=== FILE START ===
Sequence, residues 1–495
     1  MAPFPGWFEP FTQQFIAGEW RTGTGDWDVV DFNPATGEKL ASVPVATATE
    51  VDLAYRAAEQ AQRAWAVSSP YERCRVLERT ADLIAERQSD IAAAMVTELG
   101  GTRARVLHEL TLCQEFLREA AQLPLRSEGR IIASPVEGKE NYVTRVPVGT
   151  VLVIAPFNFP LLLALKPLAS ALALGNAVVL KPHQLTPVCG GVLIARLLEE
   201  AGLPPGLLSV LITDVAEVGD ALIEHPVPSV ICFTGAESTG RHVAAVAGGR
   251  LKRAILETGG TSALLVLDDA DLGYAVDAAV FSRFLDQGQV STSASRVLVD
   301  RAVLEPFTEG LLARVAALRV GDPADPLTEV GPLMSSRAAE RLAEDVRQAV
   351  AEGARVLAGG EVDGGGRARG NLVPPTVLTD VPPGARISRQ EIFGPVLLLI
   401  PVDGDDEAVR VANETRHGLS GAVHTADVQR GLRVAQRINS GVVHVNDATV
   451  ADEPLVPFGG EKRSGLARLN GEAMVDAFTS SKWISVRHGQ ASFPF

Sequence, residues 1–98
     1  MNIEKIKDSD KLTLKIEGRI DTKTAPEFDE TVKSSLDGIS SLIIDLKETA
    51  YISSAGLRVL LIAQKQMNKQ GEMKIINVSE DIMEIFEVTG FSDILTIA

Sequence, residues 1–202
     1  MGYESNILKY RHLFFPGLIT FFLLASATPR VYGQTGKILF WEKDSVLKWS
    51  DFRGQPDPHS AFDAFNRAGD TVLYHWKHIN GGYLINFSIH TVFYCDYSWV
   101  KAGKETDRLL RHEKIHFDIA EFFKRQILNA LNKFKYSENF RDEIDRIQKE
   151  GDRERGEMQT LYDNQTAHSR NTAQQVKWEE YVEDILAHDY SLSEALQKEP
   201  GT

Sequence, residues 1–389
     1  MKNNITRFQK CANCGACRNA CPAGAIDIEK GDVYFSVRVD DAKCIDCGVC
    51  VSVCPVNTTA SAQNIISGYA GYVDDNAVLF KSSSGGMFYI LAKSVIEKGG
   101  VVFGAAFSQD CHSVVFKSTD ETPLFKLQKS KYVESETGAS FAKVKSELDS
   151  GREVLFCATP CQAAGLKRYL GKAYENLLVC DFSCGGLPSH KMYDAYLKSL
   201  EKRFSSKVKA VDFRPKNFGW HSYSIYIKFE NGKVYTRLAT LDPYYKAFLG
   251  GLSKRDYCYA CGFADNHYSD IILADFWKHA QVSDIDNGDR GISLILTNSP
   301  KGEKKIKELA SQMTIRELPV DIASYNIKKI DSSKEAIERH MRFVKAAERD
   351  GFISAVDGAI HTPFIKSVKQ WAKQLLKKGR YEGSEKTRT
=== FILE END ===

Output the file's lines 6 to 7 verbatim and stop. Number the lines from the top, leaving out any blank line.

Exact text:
   201  AGLPPGLLSV LITDVAEVGD ALIEHPVPSV ICFTGAESTG RHVAAVAGGR
   251  LKRAILETGG TSALLVLDDA DLGYAVDAAV FSRFLDQGQV STSASRVLVD